The Algona Upper Des Moines from Algona, Iowa on July 29, 1891 · Page 5
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The Algona Upper Des Moines from Algona, Iowa · Page 5

Algona, Iowa
Issue Date:
Wednesday, July 29, 1891
Page 5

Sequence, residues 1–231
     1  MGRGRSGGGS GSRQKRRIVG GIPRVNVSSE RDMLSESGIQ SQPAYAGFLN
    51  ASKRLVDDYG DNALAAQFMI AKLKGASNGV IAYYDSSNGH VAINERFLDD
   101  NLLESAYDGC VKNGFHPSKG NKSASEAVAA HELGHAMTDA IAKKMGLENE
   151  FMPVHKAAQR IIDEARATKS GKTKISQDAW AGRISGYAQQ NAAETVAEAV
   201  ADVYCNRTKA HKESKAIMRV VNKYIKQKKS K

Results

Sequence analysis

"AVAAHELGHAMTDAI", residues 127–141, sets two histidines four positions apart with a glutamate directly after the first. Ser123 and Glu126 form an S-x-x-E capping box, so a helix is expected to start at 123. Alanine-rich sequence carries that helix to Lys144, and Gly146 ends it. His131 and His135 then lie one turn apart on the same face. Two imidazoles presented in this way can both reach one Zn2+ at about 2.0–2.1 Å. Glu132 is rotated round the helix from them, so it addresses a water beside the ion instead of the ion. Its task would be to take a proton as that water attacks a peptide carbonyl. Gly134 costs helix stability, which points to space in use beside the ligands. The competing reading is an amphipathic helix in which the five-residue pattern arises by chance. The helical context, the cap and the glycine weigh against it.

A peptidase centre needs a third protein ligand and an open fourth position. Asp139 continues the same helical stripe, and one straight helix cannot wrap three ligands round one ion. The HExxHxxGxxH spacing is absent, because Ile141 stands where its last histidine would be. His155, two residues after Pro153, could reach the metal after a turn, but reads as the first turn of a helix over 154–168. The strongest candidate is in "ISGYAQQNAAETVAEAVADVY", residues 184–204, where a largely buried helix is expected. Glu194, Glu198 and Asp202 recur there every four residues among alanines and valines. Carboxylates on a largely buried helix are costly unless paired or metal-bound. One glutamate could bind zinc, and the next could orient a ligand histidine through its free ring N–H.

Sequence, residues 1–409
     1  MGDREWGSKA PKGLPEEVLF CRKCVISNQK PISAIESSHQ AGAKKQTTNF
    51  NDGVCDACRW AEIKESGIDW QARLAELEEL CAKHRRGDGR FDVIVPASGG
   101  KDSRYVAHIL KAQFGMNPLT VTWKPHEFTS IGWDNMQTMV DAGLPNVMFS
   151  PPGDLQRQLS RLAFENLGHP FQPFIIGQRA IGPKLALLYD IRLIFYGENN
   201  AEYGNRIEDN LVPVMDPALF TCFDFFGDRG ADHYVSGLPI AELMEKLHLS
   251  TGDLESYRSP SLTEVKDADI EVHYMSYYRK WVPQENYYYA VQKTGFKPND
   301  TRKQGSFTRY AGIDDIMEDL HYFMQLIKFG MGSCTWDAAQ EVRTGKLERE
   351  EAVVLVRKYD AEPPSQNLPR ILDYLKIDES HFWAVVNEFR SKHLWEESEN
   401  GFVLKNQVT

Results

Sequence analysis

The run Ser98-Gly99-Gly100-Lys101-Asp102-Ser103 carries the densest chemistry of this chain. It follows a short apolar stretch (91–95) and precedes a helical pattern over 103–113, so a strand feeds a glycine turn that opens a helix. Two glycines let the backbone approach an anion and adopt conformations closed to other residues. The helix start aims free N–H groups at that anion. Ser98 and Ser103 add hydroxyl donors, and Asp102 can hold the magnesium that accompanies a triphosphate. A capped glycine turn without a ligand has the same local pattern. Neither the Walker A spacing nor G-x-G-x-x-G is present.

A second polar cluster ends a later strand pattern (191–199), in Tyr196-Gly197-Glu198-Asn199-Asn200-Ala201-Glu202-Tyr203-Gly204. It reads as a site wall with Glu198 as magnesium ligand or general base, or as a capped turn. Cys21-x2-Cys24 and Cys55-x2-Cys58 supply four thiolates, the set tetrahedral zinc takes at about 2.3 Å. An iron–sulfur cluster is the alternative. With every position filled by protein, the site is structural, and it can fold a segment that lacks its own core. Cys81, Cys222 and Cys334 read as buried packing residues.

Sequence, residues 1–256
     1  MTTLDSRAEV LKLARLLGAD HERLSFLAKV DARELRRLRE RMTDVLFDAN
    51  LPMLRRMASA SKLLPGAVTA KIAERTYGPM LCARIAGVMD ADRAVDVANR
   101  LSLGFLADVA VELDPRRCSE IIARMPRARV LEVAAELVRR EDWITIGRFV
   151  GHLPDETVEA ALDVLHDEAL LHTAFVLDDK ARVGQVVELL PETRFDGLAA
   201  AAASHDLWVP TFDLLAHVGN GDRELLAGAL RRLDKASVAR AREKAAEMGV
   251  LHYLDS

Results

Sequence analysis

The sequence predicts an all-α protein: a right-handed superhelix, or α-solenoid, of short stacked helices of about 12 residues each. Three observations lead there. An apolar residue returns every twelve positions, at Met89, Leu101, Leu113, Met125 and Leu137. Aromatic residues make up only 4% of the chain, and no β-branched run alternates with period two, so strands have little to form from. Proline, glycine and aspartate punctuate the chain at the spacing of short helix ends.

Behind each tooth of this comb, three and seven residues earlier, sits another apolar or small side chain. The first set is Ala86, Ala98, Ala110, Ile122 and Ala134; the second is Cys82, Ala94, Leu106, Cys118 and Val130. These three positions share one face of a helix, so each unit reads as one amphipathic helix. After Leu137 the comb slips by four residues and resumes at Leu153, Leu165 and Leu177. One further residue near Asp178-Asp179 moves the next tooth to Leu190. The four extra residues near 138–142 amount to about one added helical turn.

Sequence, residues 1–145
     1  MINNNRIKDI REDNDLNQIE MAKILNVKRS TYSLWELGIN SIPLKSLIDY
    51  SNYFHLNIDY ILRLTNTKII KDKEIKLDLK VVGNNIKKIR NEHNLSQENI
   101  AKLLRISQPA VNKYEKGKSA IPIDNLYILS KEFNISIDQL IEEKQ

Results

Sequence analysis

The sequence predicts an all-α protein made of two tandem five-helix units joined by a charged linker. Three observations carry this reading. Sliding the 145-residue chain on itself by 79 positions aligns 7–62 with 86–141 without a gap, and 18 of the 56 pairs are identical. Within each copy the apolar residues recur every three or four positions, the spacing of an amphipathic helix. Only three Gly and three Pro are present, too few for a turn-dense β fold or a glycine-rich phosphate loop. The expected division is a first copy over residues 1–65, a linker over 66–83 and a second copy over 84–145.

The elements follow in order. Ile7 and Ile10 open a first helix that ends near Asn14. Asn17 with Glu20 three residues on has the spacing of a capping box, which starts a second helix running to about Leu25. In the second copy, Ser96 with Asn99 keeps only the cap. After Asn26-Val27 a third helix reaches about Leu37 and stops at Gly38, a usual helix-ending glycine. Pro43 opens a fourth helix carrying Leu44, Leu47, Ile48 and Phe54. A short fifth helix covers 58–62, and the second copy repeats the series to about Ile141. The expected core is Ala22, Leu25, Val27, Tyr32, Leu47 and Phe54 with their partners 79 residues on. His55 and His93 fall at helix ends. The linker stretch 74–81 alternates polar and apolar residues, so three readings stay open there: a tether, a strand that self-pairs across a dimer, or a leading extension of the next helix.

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At the en«l of the reign of Charles, Sec unil no newspaper was allowed to «p pear except H f-iugle ,-ourt journal am his majesty was c'arcfn) that nulbini worth reading j-hould appear in Tliiit IVginning in thai dependence v«n r< ( \al and K'oVM-ninviil favor made'i newsjiajier tendency that lingers y<-i ti/llie HJuisciiiHiit of journalism. It, the hint month of the'life of Olmrl*-.- on<; df the most noted ProteManl prcm-hcrs of England died in hardship und want at Newgate prison where he had bnt-n .w?nt, because lie was a and to repress liberty of preaching. The people of London broke into a great burst of 1/ublic sympathy and sorrow for the saintly and persecuted man. Roger Lestrange the editor of the paper of the Kind's parry alone of all men in England broke out into a savage of exultation at a death which saddened all others. He was a party editor bidding for the favor of party and Icing. And the habit of party dependence survives not in so truculent and odious a form, yet in a way and to an extent so hindering to the"proper character, power and achievement of journalism that in some of my moods I wish there were not a part' paper in America. J wish the evolu tion to be ivnnpMv and the enianci parion entire from a journalism liv ing in the cover! of fear, living a li censed and dependent aud precarioii life, the cringing servitor and echo o king, or government or party—I to see'journalism complete" all that phase of haWt and evolution anc 1 come jnlo its own kingdom and plac as a factor and. force of modem civil imtion ultimate and supreme in its own right and its own personality not an Appendage of party, not a mo'uth-piece for politicians", not a touter for candidates, but existing ii its own separate and supreme individuality as an organic product ol modern civilisation; self-determining it* own word and thought about par- SK and politics and even-thing else; responsible to no man and no party; answerable only to God and' Truth and Duty. That is the law and life of personality. It is the law and life of journalism. To that estate it will come at last.' But now let us get to the heart of this matter. Personality is a relation of«ervion. Independence is free will discharging that office of service according tothe law of duty. The newspaper independence that goes with newspaper personality is subject to the divine law of the mutual and reciprocal service of mankind. There is a kind of iifMvspaper independence that consorts -with the malice and vagabondage of Inhume!: it goes out to infest the highways of life as the. enemy of mankind «,nd lifts its hand against every -man. The science of sociology : sees in it the survival of transmitted habit: It Kfcarted from the aberrant i direction given journalism by the IT pression and suppression of its personality and freedom which the tyranny •of government put "upon it at the beginning. -Even the government of England «aid tlie press shall not be free. The wisest, and best men, with misgiving and heaviness of heart submitted to that rule because it law. Macau lay has shown what happened when editors had to be lawless -in order to do their work. They were fanatics who hated the ruling powers with an insane hatred or they were •Grub Street backs, coarse-minded, bad-hearted and foul-mouthed who were pira.tes making lawless excursions into political debate. Forced to ev«ry week take on new aliases and disguises they hid their paper and types in" the dens .of vi«e which are the pest and the shame of great cities. • JPoreed to clandestine and -savage methods -of warfare they lay in jiuibush-and.tortured their ene- aiiy with ev-ery -device 'liiarto form. 4 pp. The news fron \merica. which it prints seems always *0 1i;iV<» suffered S</.'/ie kj/.'d of 11 fha/lijl Hid h.'is not the flavor of the home bred article. ••ijulimiani'.-i ifi.-ssenger." i.s priutet) in London, and is a large line sheet •)!i«.- finds iii it n vast amount of read ing mailer, and a great deal of it from America: it contains much that is of interest to travellers who speak English. The publishing company seems- to fail about annually, but somehow there )V a special providence which enables the paper to continue its repju- lar appearance. The German newspapers are all on a dead-level of official dullness: there is an air about them of having been licensed. The news is told briefly and without enthusiasm; the so-called [•diturials are tame; and the only life ind spirit you can detect is in tlie departments devoted to literary and musical criticism. There are 7 or 8 principal journals u the city of Berlin. In f<Jn» and shape they much resemble each other. J'he. "^National Zeituiig" is a 4 pp. j quarto, 3 columns to the page. The' "Berliner Tageblatt' 1 is the same size,' 14 pp. about half advertising matter. The "Vossische Zeiturig" 1 is same si/.e, 15 pp, "i pj> of advertisements, generally. And the others differ little from mentioned. In these journals, the real news is scattered pretty well all over the paper, under small headlines, and is ex- ceedingly.meagre as to contents. A murder will occupy a quarter of a column of as decorous: reading as you ever met, under a single heading;" by no possibility is there anything sensational in tlie report of it.'The Kaizer's doings are treated of every day in 20 to 80 lines; there are no personals properly speaking, only notices of the movements of the nobility. The so- :alied editorials are stowed away in the body of the paper whereve'r it handiest to put them when which are sent out all over that ter ritory every day. just as the Chicag' papers are sent through Illinois aiic Iowa. At Geneva all is French. Upon talking with intelligent, mer in Europe, you hear the opinion frequently expressed that the French newspapers are the best in the world. One such conversation I recollect, in which a gentleman, himself connected with the press and accustomed to write in several languages, assured me that neither the London "Times,'" nor the New York "Herald." Moscow .•Gazette,"' or any German paper was to be compared" with the Parisian dailies. This naturally piqued mv curiosity, so while I was in Geneva the French papers were diligently studied. They are certainly excellently written and arranged, their correspondence is extensive and interesting, and the whola air and tone of one of these papers is just what a pri- safe to defame a man when he can so easily obtain redress. The caution which the foreign editor is compelled bylaw to exercise in this" matter I wish might be exercised among us of our own free will and accord. We do not want a press censorship which will enforce a higher regard fo vate reputation. I have tried to give you some idea of the papers abroad", and wish it were possible for me,£o illustrate the description with copies of the papers themselves: but on this 'present occasion it cannot well be dona If I might venture to add a word of advice, it would be that when you ^o abroad, if you have not been a"'rea<iy, be sure to arrange for American papers to be sent to yon, as otherwise you will not know from the foreign journals that such a country as America-exists, except in a sort "of far-off, hearsay WAV. To them this is nri 1111 newspaper should be.- "Le Figaro," ( known land, ft sort of sav.-i-e Kldora- with which I was best acquainted, is d o; a Mexico and Peru for goldmines a 6 column folio, 8 pp, and printed in but lawless and preposter large, line type. Almost the whole do not think it nenessarv t paper is readable, there being few advertisements. The paper is lively, interesting and seemingly in close touch with the spirit of the day. The lively French intellect, wijh its power o"f swift acquisition and generalization, seems eminently fitted for the production of the model newspaper article, and I cannot wonder that the Parisian papers are so highly esteemed. They certainly seem to be the best in Europe. Italy is the land of small newspapers. They are almost invariably printed in 4 pp form, quarto, 3 to 5 columns on the page. The type is generally quite small, so that there is considerable reading matter. In one thing the Italians have the right conception of a newspaper, in that their the paper was made up. There is no strictly editorial page at all. Mercantile matters, such as quota- rjus of stock, bank reports, etc. are given very fully, 1 suppose because politics does not enter into that de- mrtment at least, and there an editor ;an proceed safely without fear of ollifdon with the police. So careful are the German newspapers in report- ng financial affairs that oftentimes the jnly item of American news I could ind in then; for days and weeks was he quotation of American railroad tocks; and you can imagine how sat- fying they would be to the mind ager for tylings from his fatherland uid unpossessed of a single share of "rie common or Central preferred tock. In small paragraphs are given the elegraphic news from large German ities, as Cologne, Hamburg, etc., and uriously enough each of these items is preceded by a peculiar mark: an asterisk, double-dagger, black circle black triangle, or other mysterious sheets are at least half made up of real news. There is very little of it from outside of Ital y, aiid that only concerning great international affairs"; . „ ons. Thev do not think it necessary to get much news from the far-oif 'Terra Incognita, and so the traveling American is quite likely to lose the savor of his daily journal, unless it is sent to him. And then, two weeks old as it is, he fairly revels in it. It has the dear old scandals and police-courts: the political interviews, the terse editorials; it fairly smacks of the soil, and has enough swing and energy to furnish a dozen continental dailies and have some left over. Verily the newspaper binds one to his native land in a way that nothing else does, and it strike's the chord of a nationality with no uncertain hand. but from within the kingdom they collect a great deal that is of interest. The Florentine papers have dispatches from Milan, Rome," ^Naples, and all other large cities; the same is true of the Roman -papers and others. In political matters the Italian papers are much more outspoken than the German. While "I was there lit was easy whether a journal was for or against Crispi:. whereas in Germany you might h&Ve been in doubt as to the attitude of a paper to wards the Prime Minister. The police regulations of the two countries partially account for this; though it is also owing .to an entire difference of spirit. The German seems to feel and think too deeply to be a good politician; the Latins and Celts understand it better. The best paper in Rome is "La Mr. C. W. King sang from a popular opera the following report a selection after which of the com- sign. It is some time before" one divines the meaning of these. At last he learns that each correspondent has a registered mark—or trade-mark, as one may say—by which he is known and by means of which the police can find him when they want to hang him, as Mark Twain says. Certain it is that every article of a political tendency is so designated with the correspondent's mark. I don't know what would happen if the compositor made a mistake aud put in a cross for a dagger. Perhaps they would hang tlfe compositor. Understand, I am now speakin^ of the principal 'dailies of thesftigf city "n Germany, a country famovuSJtor its ugh grade of education. In the pub- ishing of books—scientific, religious, historical, fictional—Germany ranks Tribuna," a 6 column folio. - It i.s well printed on good paper . The edition of October 9, 18.00, tlie only one I brought back with me, contains on page 1, an editorial £ column; the Funeral of Baecarmi, i column; des- patches from Germany, Switzerland and Spain, nearly 2 columns; anecdotes of the day, 1 column,; account of the Crispi banquet at Florence, 2 columns. On the second page are telegrams from various parts of Italy; also on the third page, where are some more foreign telegrams. The fourth page contains advertisements, and an absurdly short installment of a serial. As you will judge from this abstract, the principal fault of these papers is in arrangement. They have no idea of the relative importance of news, — J everything is put hi just as it happen. The absence of head- is also a serious defect, as often- es matter of great interest is s mittee on resolutions was read by Mr. Hinchon, and the report was up on motion adopted: Your committee on resolutions bpg leave to submit the following report: WHKKK.AS, The Upper Oes Moines Editorial Association h&virtf* held Us fourth semi-aiuma meeting at the ctcy a! Fort Dodge, aud, having been met, ou our arrival here, with a mos royal welcome by the Business Men's Association and citizens of this city,- having been freely furnished with ample and commodious rooms in which to hold our meetings ; having been carried by courtesy of the Minneapolis and St. Louis Railway to inspect the great (}yp- smii mi)!."; having through the especial courtesy of the Business Men's Association enjoyed a drive through this city where we baveviewid. with the keenest satisfaction and pleasure the evidences of thrift, enterprise and prosperity of this city as exhibited in its business houses, its splendid public buildings, schools ana churches, and its beautiful homes; having partaken of the hospitality of the ladies of this city and been honored by the acquaintance of many of the citizens aud especially of many nf Hie members of that sterling body of men the Business Men's Association of Fort Dodge, and WHEKKAS, Our wives'and sisters have been royally entertained by the ladles of this city At i lie beautiful home of Mrs. I. G-armoe. and all of us have to-day enjoyed the splendid display of paintings and works of utility-, ind art irovided by the lovers of the beautiful in the city, and being desirous of expressing our appreciation of toe courtesies and favors so showered upon us, therefore KEKOLVED, That we return our sincere thanks for, and wilt ever hold In pleasing remembrance the many courtesies so extended to us by the Business Men's Association, Mrs. Ciarmoe and the ladies of Fort U >dge, the M. & St. L. By. t/o., to Prof. Jones for lus selections upon fhe pipe organ at the Cath^ticj:£urcti. and the editorial fratemity the city. ' That this A iattoii received from the visiting- guests, lla- sonic Hall had its walls lined witn paintings of every kind and description, executed by Fort Dodge artists, and here the women spent the forenoon. Just before noon and at the close of its business, the association went in a body to this hall where a bounteous noonday lunch had been prepared by the Fort Dodge ladies and to which the visiting editors and their ladies did ample justice. An hour was spent in inspecting the paintings, when the whole party went to the M. & St. L. depot where a special train awaited to carry them to the Gypsum Mills three in number, the farthest being about six miles from the city. These (iypsnn mills are the largest in this country and will be a source of untold wealth to their owners and the city. We cannot stop to describe the mills. Returning to the city we found carriages awaiting and a ride about town was the order of the day. In its course a visit was made to the new oat meal mills just being erected, the pottery, and the public school and church bindings and the floral gardens just at the edge of town. We had all heard of the oat meal mills, but few of us supposed they were being built upon so extensive a scale. The main building being five stories above the basement while the rain elevator is of equal hight and of that the supply is large and he expects to push, their manufacture. Ii may not be generally known, but it is nevertheless a fact, that Fort Dodge is shipping large quantities of brick, Des Moines especially prizing them for paving purposes. Rolf e Argus:—We desired to attend this meeting because we wanted to meet the editors, whose papers we read from week to week, face to face. An editor always has a curiosity to know personally a contemporary" editor. The meeting was w.ell attended and was a source of interest and profit to the fraternity. * * * The crowning event of the visit was the banquet tendered the editors by the Business Men's Association at the Park Hotel. It was an elegant afflair. Plates were laid for about two hundred guests. The enterprise, wealth' and beauty of Fort Dodge combined to make this a notable event. Pochontas Record: eral artists in Fort There are sev- 'e and the dis- j From the time that Good Mother Eve interviewee! the ~ serpent in the Garden of Eden, and lost her job for stringing out the account so that the forms had to be held over, we find that women has done her share towards recording and keeping in view the sins and follies and the fortunes of man, and sbe takes pleasure sometimes in reminding him that she- remembers what she writes down about him. Yet I am convinced from my own personal experience that although a woman may be technically "in it," that is no sure sign that has put her "foot in it, as might say of many men circumstances. T When I was first nbtiiied: that I would be expected' to" P/^ent some thought on the subject of "Woman m Journalism," at this Meeting,? it never dccuredtoine that: it would; be any- trouble to tell'all tliat could be fonnd out about it in five minutes, but alas! I reckoned without my woman. I nnU e very fertile, and the and delving in it, the she we under like mammoth proportions. Fort Dodge MKROHAXT Sj 3fATIO3TAXi BAXK. rah for Fort Dodge; the Business Men's Association and its fair ladies. May they live long and prosper. Corwith Crescent:—At the opera house a splendid program was beautifully carried out, to the delight of all. The banquet was all that could be desired, and the toasts were responded to in the spirit of good cheer and all expressed themselves glad they were there to enjoy the exercises and company. Hmuboldt Independent:—The is indeed fortunate in portant a factor to its business enterprises. The pottery, too, is an important business though not so large as it would seem its importance demands. The floral gardens were thoroughly enjoyed by the visitors, and as no words can describe its beauties we will not attempt it. The drive over the city shows Fort Dodge to be possessed of as fine church and school buildings as to be found in any city of twice its size, in the state, while in ;he matter of commodious and tasty residences no town can surpass her, while her business houses all give evidence of a growing and perma- lent prosperity. With natural advantages unsurpassed anywhere, we wonder that the city s not much greater than it is. A new ilement has entered into its growth ;hat will largely tell for the future as t has already began to do, and that s the Business Men's Association vhose purpose is to encourage the levelopment of the many natural re- ources of which the town is possess;d. This association is composed nostly of young_ business men, and as ts membership is made up of upwards whole party were invited to a capital lunch in the Masonic banquet room Friday noon. As an appetizer the ladies of Fort Dodge had prepared an art exhibition in the adjoining lodge room that was a thing of beauty and a joy forever. The exhibition was an extensive one and a rare one and was at once a vision of beauty and an advertisement that there are artists in Fort Dodge that can be classed with those of anv city in the country. We tender the ladies a vote of thanks on our own account for a rare treat. The committee who arranged the display are entitled to great praise for the good taste shown ha making up the exhibition. Algona Upper Des Monies:—Her special display of manufactures, aside from the oat meal mill, etc., showed how much is being done in special lines. Samples of a fine window curtain of wood, of elm bushel baskets, of ten colors of cementico for walls, of brick, red, white and granite, of all kinds of pottery, and especially of a telephone attachment patented by S. W. Gray, showred the various lines in which her capital is profitably invested. The creameries and other factories common to all towns she has in abundance. Fort Dodge is a center for much of the wealth of this section, and has resources for the future that are inexhaustible. Lohrville Enterprise:—The pleasant afternoon journey around Fort Dodge, and the consequent information obtained, shows it to be a place of exceptional advantages. Situated in the very heart of the best section of country in the world, she has a tributary territory unsurpassgtf. Added to this she has the advj ^ v — " immense mineral deposits.' von my wora anu honor that I do not feel like making fun in the presence of so important and such an overwhelming subject. I find that in this line -as in others that woman shines resplendent in as many and in more important points .than her brother man, possibly can. I would, as soon trv to crack a joke in the presence of mv poor old grandmother's ghost, as to'use levitv in the consideration o- so serious a subject. I could not joke in so grave a matter if I wanted to, and! don't want to. I am no jo.n »r anvhow. I never could see into another fellow's joke, until some-one had cracked it for me. As a general thing there is a prejudice in favor of men for journalistic work Why it is'so, I cannot tell for the life of me. It is supposed-br some that men are mor» business-like,. m their methods .and that they possess the open sesame to surroundings from which women naturally shrink. This is not necessarily trite. -.There-is but little that is actually important to go into print, that a woman wtfna healthy physique and an ordwanly strong stomach cannot get at and_eu- quire into, t'o'a sttfficienfe degreeto the facts .before the oung men,:who stand ready to give properly place PT Wfind that the large city journals are now employing women in almost every department, and that successfully. In novelty .of conception which is an important feature of wide awake journalism, women have proven themselves the peers of men. «..*.-* **.*••* * * * It is a list of names of women of whose work all Americans are proud, arid the credit of a great deal of their labor is given to men by some who think a woman can't be .^n it; Poor misguided. creatures that we are! Some day we will awake and find that woman has quietly taken possession of the journalistic fieM, and from the topmost pinnacle-ot a well earned success, she wiE dictate the true journalism of the times. * # * # * * .* . Of course there is as much difference between women journalists as there is between men P^alists 1 would not have you think that 1 De- lieve them all perfect. They are not brave like us men, . of course, iney I't sit on a dry goods box m front , store and whittle i^on th